Honestly, I’m not sure how this one is going to turn out, guys.


In April of 2008, I went through one of what is – to me – the defining moments of my life. Exactly what happened is not relevant to this post – all that you really need to know is that I was in a funk I didn’t think there’d be any end to. My friends, who are amazing people all, rallied around me, helped to hold me together, and tried anything and everything they could to pull me out of a really dark and ugly place, psychologically speaking.

Somewhere in all of this, Apple pushed her World of Warcraft disks into my hands. “Install it. It’s pretty. It’ll make you feel better.” I’ll confess here – I sort of laughed at her on the inside. No pretty video game was going to make me feel better! My life was in shambles!

But I did install it. It was pretty. And although it didn’t happen right away? It did make me feel better. Through WoW, I met the one person who I most credit for helping me screw my head back on straight, and although we’re no longer in touch, I’ll forever be grateful to him.  I’ve blogged before how I came to WoW for the distraction of the game, I’ve stayed for the people I’ve come to love and adore.  Apple is a huge part of that.

Except for a brief period where I selfishly decided that I needed faster progression (and oh, god, I was wrong), Apple & I have almost always been in a guild together. We’d meet for coffee, talk about our mutual friends, theorycraft and gossip. Our schedules don’t always mesh, and raid rotations have meant that we don’t get to play together as much as we’d like, but I was ok with that. Chances were good that if we didn’t kill bosses together this week, we’d surely be doing it next week.

There is no longer next week. Our time of playing WoW together is over for the forseeable future. A lot about what’s happened in the past few days has made me very sad, but this, I think, is probably the saddest.


When things in BoO became untenable for a group of friends that had merged into the guild, they made the decision to stay on server, but faction transfer, and create a new guild. That’s what led to Lunaris in it’s current form.

I can admit now that I was scared. I had trust issues. These were people who’d known each other forever – although they seemed eager for us to join them in their new endeavor, I thought “We’re always going to be outsiders! We don’t have the history! I’m always going to feel like the new kid! I don’t know.”

But – and this is important – these were my boyfriend’s kind of people. They spoke their minds. They accepted each other, flaws and all. No one felt like they had to censor themselves, or be someone they weren’t to keep the peace. It was a guild made up of like-minded individuals who just wanted to have fun, in whatever form that took. He was smitten, and honestly? I can’t blame him. I stuffed all my concerns deep into my Worry Box and jumped in with both feet.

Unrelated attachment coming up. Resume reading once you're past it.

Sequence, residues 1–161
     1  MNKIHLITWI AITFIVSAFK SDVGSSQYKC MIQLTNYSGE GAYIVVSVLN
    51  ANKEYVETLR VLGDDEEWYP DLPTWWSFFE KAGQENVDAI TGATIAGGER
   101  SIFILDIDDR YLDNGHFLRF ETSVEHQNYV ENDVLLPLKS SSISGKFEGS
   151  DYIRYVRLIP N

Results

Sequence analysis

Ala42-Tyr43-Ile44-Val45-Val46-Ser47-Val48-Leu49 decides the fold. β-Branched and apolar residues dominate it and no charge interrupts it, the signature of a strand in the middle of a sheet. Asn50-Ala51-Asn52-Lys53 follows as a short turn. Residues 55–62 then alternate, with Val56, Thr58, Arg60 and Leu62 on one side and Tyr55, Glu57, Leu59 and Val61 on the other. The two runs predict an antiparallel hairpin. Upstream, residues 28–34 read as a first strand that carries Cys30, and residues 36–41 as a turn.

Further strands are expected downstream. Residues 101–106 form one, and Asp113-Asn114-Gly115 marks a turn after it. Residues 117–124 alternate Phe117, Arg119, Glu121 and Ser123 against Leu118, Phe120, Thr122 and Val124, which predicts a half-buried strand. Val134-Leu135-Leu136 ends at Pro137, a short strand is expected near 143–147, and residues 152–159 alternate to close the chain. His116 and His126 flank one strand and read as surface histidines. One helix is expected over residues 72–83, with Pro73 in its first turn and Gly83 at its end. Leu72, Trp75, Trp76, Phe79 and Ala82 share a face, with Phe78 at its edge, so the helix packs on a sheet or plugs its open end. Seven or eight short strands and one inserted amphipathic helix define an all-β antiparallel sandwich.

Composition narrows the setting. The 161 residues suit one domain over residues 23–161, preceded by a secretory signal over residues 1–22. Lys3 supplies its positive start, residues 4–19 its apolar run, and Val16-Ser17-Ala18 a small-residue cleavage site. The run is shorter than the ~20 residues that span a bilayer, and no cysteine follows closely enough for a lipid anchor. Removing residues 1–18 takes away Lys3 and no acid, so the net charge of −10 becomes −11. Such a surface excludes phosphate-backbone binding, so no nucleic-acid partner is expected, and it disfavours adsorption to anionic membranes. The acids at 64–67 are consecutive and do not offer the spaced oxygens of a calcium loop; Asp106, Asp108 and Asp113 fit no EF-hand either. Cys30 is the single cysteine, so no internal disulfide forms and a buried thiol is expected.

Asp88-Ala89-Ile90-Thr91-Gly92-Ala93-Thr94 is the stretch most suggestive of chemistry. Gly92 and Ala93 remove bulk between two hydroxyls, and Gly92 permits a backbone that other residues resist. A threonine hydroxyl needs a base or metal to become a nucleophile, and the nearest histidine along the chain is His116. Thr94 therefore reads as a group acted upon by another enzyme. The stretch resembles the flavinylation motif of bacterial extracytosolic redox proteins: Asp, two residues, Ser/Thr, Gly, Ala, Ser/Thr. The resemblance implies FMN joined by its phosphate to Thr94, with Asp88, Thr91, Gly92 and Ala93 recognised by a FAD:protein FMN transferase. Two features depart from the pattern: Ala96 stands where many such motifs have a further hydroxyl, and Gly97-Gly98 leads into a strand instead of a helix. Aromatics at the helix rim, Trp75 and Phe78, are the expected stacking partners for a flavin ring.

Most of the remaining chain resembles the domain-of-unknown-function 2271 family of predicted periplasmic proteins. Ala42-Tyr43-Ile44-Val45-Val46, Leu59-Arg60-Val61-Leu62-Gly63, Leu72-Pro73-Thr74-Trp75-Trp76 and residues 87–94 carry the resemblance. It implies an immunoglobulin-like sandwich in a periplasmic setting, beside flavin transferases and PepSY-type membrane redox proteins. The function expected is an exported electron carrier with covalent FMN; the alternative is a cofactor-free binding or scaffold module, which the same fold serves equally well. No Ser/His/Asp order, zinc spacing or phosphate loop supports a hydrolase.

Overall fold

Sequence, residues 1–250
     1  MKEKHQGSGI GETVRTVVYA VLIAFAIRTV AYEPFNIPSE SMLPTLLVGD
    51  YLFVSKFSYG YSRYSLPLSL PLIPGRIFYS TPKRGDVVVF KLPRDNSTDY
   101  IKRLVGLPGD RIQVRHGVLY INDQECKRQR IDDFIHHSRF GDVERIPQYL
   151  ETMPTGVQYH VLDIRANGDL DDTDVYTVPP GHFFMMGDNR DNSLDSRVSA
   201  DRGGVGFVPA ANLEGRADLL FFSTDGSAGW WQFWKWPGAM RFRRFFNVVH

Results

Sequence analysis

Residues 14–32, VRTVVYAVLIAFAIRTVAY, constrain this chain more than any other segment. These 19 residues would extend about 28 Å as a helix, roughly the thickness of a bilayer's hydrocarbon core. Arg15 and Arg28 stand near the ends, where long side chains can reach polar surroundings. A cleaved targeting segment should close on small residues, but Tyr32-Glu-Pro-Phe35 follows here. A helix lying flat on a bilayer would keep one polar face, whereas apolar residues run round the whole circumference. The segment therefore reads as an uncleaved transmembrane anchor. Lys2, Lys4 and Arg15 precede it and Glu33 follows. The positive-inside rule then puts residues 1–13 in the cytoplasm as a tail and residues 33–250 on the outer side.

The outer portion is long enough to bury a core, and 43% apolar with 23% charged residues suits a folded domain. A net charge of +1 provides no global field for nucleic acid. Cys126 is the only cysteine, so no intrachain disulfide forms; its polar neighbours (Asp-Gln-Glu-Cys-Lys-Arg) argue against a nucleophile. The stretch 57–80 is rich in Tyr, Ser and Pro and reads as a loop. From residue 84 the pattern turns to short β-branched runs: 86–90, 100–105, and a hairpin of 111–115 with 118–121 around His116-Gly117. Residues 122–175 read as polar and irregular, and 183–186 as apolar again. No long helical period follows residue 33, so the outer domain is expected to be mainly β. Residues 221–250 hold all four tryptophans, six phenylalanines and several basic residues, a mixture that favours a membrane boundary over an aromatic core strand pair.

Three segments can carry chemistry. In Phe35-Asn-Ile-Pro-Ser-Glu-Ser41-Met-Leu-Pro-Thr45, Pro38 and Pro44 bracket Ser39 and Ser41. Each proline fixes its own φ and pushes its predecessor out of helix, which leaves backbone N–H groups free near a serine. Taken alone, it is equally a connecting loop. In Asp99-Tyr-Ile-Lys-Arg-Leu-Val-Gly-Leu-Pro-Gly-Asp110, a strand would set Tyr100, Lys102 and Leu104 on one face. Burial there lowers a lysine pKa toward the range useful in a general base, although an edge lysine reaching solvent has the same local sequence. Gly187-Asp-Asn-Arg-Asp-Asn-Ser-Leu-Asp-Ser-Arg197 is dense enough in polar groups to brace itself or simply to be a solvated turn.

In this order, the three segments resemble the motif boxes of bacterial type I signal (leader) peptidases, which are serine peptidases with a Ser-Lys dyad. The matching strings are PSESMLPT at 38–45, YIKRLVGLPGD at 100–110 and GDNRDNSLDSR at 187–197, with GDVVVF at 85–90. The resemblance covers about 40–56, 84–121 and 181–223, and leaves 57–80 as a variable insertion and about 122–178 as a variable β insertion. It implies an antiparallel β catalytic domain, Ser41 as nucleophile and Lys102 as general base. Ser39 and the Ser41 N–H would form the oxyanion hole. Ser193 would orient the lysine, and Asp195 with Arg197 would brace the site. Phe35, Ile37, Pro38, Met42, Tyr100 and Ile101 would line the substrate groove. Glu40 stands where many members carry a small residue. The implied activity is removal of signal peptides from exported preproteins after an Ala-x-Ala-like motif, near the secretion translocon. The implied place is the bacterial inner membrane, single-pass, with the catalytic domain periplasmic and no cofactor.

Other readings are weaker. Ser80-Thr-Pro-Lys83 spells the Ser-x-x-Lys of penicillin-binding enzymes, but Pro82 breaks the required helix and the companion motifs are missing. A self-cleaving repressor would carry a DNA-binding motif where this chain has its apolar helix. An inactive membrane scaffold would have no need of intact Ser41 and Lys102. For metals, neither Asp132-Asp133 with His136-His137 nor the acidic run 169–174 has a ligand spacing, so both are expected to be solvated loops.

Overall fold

Despite my complete and utter inability to faction change Krikket, I tried to dedicate myself to this guild, this group of folks, these FRIENDS the best way I knew how. I know I wasn’t always successful. I know I was still shy and awkward and sometimes felt unwelcome – through no fault of anyone by myself. I know that I wasn’t always the best guildmate – or the best friend – that I could be, but dear god, I tried.

And I am the first to admit, sometimes? I just did it wrong. Every time I was hurt or angry, I chastised myself for being too sensitive. I bottled things up that I shouldn’t have. I pulled away and hid sometimes, when a conversation would have fixed the problem. Once in awhile? I logged off and cried when someone said something I found particularly hurtful.

I’m bad at confrontation, you guys. I know it doesn’t look like it because there are things that I will fight tooth and nail for. I just tend not to be one of those things.

Every guild I have ever been in has had good things and bad things about it. By far, the best thing about Lunaris was the people, the friendship, the camaraderie that they all shared, even if I never let myself fully be a part of it. I was still – and if I’m completely honest, still am – stinging from the realization that not everyone I trust and care for will feel the same way, and I was scared to trust again in the same way.